More than 30 years later, NIH director Dr. Francis Collins said, they’re still “a vanishing breed.” He pointed out several reasons their ranks have continued to shrink:

  • long training course
  • large debts physicians acquire
  • absence of protected time to conduct research
  • environments not conducive to “big thinking.”

Time to “expand the niche,” Collins said, adopting evolutionary terms. “That’s what we’re trying to do here with the NIH-Lasker Clinical Research Scholars Program—provide a chance in a very competitive atmosphere for the best and brightest of physician- scientists to come here for an opportunity to explore those big ideas that can happen in unique ways, with the fantastic facilities of the Clinical Center and the minds of the 7,000 doctoral-trained individuals on this campus who are experts in almost everything you can think of as potential collaborators.”

‘Chimeric’ Idea Realized

NIH director Dr. Francis Collins

Momentarily at a microphone for audience use, NIH director Dr. Francis Collins takes part in the scientific discussion, as he couldn’t resist what he called “this feast of wonderful science.”

Photos: Bill Branson

NIH deputy director for intramural research Dr. Michael Gottesman recalled it was nearly 2 years ago when NIH scientific directors “proposed the idea of a chimeric program that would allow investigators to come to NIH for several years and then have the opportunity to participate in extramural grant support, the goal being to give them about 12 years of protected research time.”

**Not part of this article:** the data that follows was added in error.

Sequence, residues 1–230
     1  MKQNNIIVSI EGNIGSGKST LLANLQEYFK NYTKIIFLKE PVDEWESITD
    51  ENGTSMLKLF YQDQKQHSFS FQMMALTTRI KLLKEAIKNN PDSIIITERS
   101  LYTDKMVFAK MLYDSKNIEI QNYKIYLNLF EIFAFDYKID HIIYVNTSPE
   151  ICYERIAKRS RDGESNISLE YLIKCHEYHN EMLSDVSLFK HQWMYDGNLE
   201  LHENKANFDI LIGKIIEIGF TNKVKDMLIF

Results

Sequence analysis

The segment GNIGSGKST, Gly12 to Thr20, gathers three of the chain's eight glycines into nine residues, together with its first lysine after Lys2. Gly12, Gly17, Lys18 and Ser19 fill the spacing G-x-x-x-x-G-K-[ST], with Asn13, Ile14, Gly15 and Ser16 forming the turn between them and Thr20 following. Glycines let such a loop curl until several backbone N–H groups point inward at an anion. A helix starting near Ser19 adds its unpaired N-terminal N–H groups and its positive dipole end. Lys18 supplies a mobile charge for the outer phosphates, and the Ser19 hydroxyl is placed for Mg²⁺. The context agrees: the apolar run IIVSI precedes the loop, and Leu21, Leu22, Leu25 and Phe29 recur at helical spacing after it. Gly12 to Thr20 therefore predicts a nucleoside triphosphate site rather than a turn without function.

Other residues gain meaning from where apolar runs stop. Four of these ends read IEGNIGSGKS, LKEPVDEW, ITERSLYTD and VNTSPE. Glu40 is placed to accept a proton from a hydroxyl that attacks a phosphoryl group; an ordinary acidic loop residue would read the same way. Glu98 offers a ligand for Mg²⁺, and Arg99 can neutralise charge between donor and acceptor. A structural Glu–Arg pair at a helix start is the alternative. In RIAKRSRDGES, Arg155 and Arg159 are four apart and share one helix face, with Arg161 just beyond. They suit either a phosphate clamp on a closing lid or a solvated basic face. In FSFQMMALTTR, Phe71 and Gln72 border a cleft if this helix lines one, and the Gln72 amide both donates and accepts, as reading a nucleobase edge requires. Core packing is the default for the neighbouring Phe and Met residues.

NIH-Lasker clinical scholars will spend the first 5 to 7 years as independent investigators in the NIH Intramural Research Program. In the second phase, an additional 5 years of funding will be offered to scholars who successfully complete the first phase. Investigators can stay here for phase 2, or take their funding with them to another research institution.

Opening the symposium, Lasker Foundation president Dr. Maria Freire described clinical research as an “exquisite interplay” involving bench scientists, clinical practitioners and “highly trained, highly skilled individuals who know the language of the laboratory, who are fluent in the language of patient care and who can move and communicate with ease in both worlds.”

NIH-Lasker clinical scholars will be those individuals, she said.

A Diaspora Delivers

Endorsing the new program, NCI director Dr. Harold Varmus said he represents “the old guard who came to NIH long ago as Yellow Berets,” almost all of whom opposed the Vietnam War and were interested in developing careers in academic medicine.

Collins noted a remarkable statistic: Varmus and fellow “old guardians” who participated in NIH’s Clinical Associate Training Program from 1955 to 1973 include nine Nobel prize winners—one every 2 years on average.